Environment and health have become nearly interchangeable concepts in post-traditional societies. We are able to observe almost an obsession with them, as if individual changes in ways of life--important for the individual and significant for the culture though they may be--possessed the power to overthrow a system of economic relations that aims at growth in numerical terms rather than at development, enabling society to sustain its specific modes of private and public interaction. (+info)
(4/2237) Fish and mammals in the economy of an ancient Peruvian kingdom.
Fish and mammal bones from the coastal site of Cerro Azul, Peru shed light on economic specialization just before the Inca conquest of A. D. 1470. The site devoted itself to procuring anchovies and sardines in quantity for shipment to agricultural communities. These small fish were dried, stored, and eventually transported inland via caravans of pack llamas. Cerro Azul itself did not raise llamas but obtained charqui (or dried meat) as well as occasional whole adult animals from the caravans. Guinea pigs were locally raised. Some 20 species of larger fish were caught by using nets; the more prestigious varieties of these show up mainly in residential compounds occupied by elite families. (+info)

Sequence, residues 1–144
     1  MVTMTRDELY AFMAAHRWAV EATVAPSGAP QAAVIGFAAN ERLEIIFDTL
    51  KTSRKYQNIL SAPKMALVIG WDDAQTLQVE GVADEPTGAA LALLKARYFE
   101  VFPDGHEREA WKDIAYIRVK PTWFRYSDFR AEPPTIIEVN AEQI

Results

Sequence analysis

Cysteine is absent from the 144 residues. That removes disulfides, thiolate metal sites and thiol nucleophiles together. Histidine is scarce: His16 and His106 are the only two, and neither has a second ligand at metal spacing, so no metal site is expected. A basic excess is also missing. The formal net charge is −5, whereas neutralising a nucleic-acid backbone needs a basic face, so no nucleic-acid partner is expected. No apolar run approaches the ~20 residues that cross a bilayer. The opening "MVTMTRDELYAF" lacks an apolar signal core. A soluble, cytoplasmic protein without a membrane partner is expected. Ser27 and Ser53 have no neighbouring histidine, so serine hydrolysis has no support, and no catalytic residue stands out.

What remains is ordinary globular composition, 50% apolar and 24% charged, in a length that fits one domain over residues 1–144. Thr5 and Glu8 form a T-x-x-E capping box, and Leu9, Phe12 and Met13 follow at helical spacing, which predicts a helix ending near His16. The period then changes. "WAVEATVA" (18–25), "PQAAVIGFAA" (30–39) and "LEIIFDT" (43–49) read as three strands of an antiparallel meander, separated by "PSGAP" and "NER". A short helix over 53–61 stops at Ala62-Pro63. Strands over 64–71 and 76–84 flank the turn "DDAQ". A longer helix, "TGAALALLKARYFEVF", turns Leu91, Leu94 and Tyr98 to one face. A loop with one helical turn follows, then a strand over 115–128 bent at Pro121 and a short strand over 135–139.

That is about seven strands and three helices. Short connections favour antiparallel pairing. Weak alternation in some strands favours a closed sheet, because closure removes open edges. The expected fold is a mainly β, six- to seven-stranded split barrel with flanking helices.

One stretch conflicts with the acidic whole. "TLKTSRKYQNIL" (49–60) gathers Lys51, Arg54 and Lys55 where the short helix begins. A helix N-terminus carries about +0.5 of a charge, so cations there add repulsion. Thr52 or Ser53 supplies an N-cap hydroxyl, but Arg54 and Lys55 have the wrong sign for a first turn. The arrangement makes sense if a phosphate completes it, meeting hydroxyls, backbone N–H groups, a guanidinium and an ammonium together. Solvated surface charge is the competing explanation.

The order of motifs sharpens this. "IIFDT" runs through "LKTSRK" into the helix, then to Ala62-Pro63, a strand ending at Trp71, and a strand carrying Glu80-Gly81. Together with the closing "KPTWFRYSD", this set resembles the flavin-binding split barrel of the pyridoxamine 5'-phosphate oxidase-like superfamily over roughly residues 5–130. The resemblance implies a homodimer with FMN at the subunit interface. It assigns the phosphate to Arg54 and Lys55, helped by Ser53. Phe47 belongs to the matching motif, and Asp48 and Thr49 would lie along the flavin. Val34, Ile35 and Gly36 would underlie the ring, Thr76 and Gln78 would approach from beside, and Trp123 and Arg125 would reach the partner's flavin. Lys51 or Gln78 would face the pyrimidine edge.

(5/2237) Folkecology and commons management in the Maya Lowlands.
Three groups living off the same rainforest habitat manifest strikingly distinct behaviors, cognitions, and social relationships relative to the forest. Only the area's last native Maya reveal systematic awareness of ecological complexity involving animals, plants, and people and practices clearly favoring forest regeneration. Spanish-speaking immigrants prove closer to native Maya in thought, action, and social networking than do immigrant Maya. There is no overriding "local," "Indian," or "immigrant" relationship to the environment. Results indicate that exclusive concern with rational self-interest and institutional constraints do not sufficiently account for commons behavior and that cultural patterning of cognition and access to relevant information are significant predictors. Unlike traditional accounts of relations between culture, cognition, and behavior, the models offered are not synthetic interpretations of people's thoughts and behaviors but are emergent cultural patterns derived statistically from measurements of individual cognitions and behaviors. (+info)
(6/2237) 'Fatalism', accident causation and prevention: issues for health promotion from an exploratory study in a Yoruba town, Nigeria.